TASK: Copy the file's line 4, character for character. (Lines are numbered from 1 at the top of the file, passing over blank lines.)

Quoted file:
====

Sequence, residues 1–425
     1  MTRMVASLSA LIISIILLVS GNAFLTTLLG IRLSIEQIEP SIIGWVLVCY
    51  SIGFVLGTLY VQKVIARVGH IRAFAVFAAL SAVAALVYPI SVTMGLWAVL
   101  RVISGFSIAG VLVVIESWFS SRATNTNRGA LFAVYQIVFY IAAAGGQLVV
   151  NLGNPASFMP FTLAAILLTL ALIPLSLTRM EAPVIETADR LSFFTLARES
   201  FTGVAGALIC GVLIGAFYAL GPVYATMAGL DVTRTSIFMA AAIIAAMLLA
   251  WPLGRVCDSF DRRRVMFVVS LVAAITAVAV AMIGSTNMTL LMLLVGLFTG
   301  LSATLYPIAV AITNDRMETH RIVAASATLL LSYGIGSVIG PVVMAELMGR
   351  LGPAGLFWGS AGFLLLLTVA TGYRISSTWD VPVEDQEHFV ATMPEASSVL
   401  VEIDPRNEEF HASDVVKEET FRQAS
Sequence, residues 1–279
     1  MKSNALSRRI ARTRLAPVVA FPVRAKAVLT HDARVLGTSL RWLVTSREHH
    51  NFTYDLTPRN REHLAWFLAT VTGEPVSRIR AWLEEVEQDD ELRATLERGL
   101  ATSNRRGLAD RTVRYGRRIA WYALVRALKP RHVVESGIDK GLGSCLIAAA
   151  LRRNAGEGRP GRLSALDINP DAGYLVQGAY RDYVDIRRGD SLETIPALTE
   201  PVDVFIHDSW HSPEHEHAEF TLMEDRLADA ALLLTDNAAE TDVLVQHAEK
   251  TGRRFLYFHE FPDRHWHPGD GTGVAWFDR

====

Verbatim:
   101  RVISGFSIAG VLVVIESWFS SRATNTNRGA LFAVYQIVFY IAAAGGQLVV